It is such a contrast.
Frigid winter winds seep through clothing and whip snow into small drifts across the landscape.
But colorful flowers bloom — albeit through photography — inside Gallery 92 West in downtown Fremont.
This month, the Fremont Area Art Association is hosting three exhibits.
On display in the Hinds Gallery is the 32nd Annual Sheldon Statewide exhibition called, “Family Style.”
Another exhibit in the Dugan Gallery features the photography of Chelsea Krafka and jewelry of Hope McCulley.
In the west gallery, about a dozen quilts are on view in an exhibit dubbed, “One Room Schoolhouse,” which opened in January.
The public is invited to see these shows during regular gallery hours from 1-4 p.m. Tuesday-Sunday.
Admission is free.
“The Sheldon Statewide Exhibition is a great opportunity to see internationally recognized artwork,” said Barbara Gehringer, FAAA executive director.
This exhibition investigates the meaning of family through the work of 18 artists. The display offers a range of perspectives on family and relationships from tight-knit to distant and from intimate to communal, states FAAA information.
“Together, the artworks demonstrate that families of all types work through the events and routines of everyday life with members performing essential functions, providing structure and guidance, and growing in their own ways,” the FAAA states. “‘Family Style’ represents a wide range of viewpoints from which artists examine the intricate relationships that make up parenthood, marriage, teamwork and community.”
In the Dugan Gallery, colorful poppies bloom in the same room as a purple water lily — all photographs by Krafka.
Krafka pursues photography as a side job to her work as director of education at the Unitarian Church of Lincoln, states FAAA data. She has had had several exhibits of her work in Lincoln and Milwaukee.
She talked about her work in an artist’s statement.
“Photography is a meditative, spiritual practice for me,” she said. “I am inspired by the colors and intricacies of nature, and thus, I often use a macro setting on the camera to be as close to my subject as possible.”
Krafka said she often spends hours in a garden or at a lake.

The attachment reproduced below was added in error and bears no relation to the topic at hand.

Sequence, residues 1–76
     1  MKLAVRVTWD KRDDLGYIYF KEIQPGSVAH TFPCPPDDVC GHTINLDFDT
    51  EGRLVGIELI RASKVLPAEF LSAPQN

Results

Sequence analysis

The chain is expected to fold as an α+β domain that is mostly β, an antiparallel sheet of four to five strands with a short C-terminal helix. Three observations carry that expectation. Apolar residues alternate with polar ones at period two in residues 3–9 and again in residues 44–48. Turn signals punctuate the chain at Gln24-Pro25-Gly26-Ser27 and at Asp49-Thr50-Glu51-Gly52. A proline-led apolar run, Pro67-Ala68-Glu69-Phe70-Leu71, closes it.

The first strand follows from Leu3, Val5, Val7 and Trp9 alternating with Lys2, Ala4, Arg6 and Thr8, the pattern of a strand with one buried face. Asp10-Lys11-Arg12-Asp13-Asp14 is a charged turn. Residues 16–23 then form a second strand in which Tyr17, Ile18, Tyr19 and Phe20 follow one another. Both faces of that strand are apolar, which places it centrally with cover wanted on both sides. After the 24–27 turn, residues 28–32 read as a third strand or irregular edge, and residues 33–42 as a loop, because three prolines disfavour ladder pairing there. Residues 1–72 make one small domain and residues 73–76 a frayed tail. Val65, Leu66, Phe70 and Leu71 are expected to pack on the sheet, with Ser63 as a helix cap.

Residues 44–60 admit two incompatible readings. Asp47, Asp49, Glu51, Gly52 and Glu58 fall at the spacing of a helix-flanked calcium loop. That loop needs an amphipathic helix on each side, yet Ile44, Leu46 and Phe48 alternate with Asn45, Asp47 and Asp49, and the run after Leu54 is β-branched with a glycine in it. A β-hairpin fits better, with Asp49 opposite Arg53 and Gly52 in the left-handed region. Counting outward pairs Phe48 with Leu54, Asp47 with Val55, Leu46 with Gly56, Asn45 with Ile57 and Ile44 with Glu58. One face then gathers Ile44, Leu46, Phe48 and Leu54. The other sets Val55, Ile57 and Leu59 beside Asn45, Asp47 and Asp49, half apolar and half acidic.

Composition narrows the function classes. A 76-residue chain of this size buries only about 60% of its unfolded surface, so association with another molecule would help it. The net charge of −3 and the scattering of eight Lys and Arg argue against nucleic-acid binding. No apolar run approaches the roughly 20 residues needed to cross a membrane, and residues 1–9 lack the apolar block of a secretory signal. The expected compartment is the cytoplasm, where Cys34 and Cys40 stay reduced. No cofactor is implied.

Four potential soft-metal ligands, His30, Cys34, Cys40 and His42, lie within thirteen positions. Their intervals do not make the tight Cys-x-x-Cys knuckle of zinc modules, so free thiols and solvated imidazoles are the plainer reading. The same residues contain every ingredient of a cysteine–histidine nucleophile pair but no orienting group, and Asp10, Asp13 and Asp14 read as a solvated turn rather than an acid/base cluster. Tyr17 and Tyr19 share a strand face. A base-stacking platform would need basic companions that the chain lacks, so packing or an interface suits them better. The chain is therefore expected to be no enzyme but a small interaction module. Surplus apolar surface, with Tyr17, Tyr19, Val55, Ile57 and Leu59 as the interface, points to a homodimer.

“I love the patience and stillness required to photograph the shimmer on a dragonfly’s wings or the light which can be caught on the softness of a flower’s pedal,” she said. “…My photos remind me to be continuously grateful for the beauty that surrounds me.”
McCulley is known to jewelry collectors in the area, the FAAA states.
She’s a member of the Noyes Gallery and is showing work at the Chapin Studios and Gallery in Lincoln. She has sold her work at Sheldon Art Museum and the Haymarket Farmer’s Market in Lincoln, HotShops Art Center in Omaha and at regional farmer’s markets.
McCulley was in her teens when she found her love of jewelry. She since has traveled the world, admiring jewelry from ancient civilizations, royalty and the “random hippie street vendor.”
She is inspired by patterns, colors and textures found in nature. Her style includes spirals and wire-wrapped stones. Her process includes forming and hammering metal.
Quilts in the west gallery include one that depicts the scene of a boy and girl standing near an old-time schoolhouse and water pump. Another quilt is of a chalk board on which someone has written “I will be good” several times.
One-room school houses — prevalent during the 1800s and 1900s in the United States — were a source of pride in many communities. Data in the art association building states that by 1918, Nebraska had 7,000 one-room schoolhouses.
But by the early 2000s, all those schoolhouses were said to be gone. Artists whose work is in the exhibit used historical events and memories from family members to create their quilts.
Gehringer invites area residents to visit the FAAA building.
“We’ve got three galleries full of artwork and the Loft Gift Shop and a Loft Artist of the Month, so it’s a good opportunity to come out see lots of different artwork,” she said.
More information about the art association can be found at: http:// www.92west.org or by calling 402-721-7779.